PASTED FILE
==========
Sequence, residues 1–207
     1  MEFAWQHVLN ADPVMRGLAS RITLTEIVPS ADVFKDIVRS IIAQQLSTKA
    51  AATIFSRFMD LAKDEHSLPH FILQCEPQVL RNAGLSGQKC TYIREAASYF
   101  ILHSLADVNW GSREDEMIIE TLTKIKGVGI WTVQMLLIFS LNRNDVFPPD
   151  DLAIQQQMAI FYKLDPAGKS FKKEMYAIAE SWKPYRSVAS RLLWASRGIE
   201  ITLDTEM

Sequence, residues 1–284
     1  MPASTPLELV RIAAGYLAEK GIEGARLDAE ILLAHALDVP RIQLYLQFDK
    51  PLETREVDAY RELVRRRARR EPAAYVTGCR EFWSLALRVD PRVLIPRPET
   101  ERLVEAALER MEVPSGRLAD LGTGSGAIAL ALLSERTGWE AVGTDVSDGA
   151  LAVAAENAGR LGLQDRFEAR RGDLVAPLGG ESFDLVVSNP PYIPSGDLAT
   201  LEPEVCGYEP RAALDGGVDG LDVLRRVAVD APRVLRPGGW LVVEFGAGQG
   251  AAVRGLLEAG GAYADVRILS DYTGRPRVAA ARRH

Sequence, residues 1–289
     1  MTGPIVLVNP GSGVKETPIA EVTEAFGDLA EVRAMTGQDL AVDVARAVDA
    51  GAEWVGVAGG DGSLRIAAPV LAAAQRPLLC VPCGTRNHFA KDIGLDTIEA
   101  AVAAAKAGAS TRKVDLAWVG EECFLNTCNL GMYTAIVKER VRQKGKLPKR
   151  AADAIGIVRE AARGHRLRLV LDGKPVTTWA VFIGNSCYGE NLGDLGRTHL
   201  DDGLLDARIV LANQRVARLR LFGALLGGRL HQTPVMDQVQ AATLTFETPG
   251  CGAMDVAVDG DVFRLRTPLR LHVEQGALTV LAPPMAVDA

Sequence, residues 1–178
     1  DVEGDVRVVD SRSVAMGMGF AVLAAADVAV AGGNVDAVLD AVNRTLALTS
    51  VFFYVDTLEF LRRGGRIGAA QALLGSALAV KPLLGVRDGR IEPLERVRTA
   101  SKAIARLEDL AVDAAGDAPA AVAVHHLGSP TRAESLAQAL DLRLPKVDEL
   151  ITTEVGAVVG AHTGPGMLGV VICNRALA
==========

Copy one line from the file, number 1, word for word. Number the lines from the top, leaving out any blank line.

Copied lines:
Sequence, residues 1–207